"The US plan will definitely undermine China-US relations and bring about serious negative impact on exchange and co-operation in major areas between the two countries," he said, adding that "China strongly urges the US side to fully recognise the gravity of the issue, revoke the erroneous decision on arms sales to Taiwan and stop selling any weapons to Taiwan".
In 2008, China suspended most military dialogue with Washington after the administration of George Bush, the former president, approved a $6.5bn arms package to Taiwan that included guided missiles and attack helicopters.
Beijing regards Taiwan as a renegade province and has vowed to bring the island eventually back under mainland rule, by force if necessary.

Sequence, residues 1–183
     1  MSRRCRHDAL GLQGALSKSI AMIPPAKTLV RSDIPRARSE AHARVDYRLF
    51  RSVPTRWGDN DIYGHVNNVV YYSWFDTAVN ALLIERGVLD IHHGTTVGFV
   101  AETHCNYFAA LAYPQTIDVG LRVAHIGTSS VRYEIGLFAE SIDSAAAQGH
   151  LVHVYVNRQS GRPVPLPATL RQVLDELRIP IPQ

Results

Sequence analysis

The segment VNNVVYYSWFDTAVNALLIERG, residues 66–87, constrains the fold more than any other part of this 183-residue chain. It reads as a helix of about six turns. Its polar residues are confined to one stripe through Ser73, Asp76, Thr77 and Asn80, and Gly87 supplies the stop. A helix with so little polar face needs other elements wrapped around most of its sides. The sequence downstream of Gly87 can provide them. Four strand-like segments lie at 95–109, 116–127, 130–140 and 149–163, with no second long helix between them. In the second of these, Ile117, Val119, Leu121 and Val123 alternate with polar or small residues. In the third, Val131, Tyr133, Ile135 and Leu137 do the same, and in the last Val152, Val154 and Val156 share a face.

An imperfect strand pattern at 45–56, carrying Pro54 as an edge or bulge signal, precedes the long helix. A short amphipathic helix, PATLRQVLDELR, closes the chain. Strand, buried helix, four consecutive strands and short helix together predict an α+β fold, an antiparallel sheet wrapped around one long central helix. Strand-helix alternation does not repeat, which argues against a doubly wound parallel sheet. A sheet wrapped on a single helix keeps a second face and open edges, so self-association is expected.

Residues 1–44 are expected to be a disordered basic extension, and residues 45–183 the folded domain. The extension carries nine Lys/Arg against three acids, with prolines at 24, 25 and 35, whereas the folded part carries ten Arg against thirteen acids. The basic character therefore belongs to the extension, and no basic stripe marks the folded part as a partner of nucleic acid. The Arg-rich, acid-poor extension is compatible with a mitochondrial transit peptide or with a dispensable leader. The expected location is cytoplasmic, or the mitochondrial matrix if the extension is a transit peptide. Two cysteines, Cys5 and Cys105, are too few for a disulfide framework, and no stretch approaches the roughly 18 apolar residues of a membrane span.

The US government, on the other hand, is bound by the 1979 Taiwan Relations Act which obliges Washington to ensure the island is capable of responding to Chinese threats, and to sell defensive weapons to it.
Wang said that the weapons deal violated the 1982 communique between China and the United States, which said the arms sales to Taiwan "will not exceed, in qualitative or in quantitative terms," the level in the years before that.
Philip Crowley, a state department spokesman, said that the arms sales were consistent with the three key communiques between the United States and China when they normalised relations.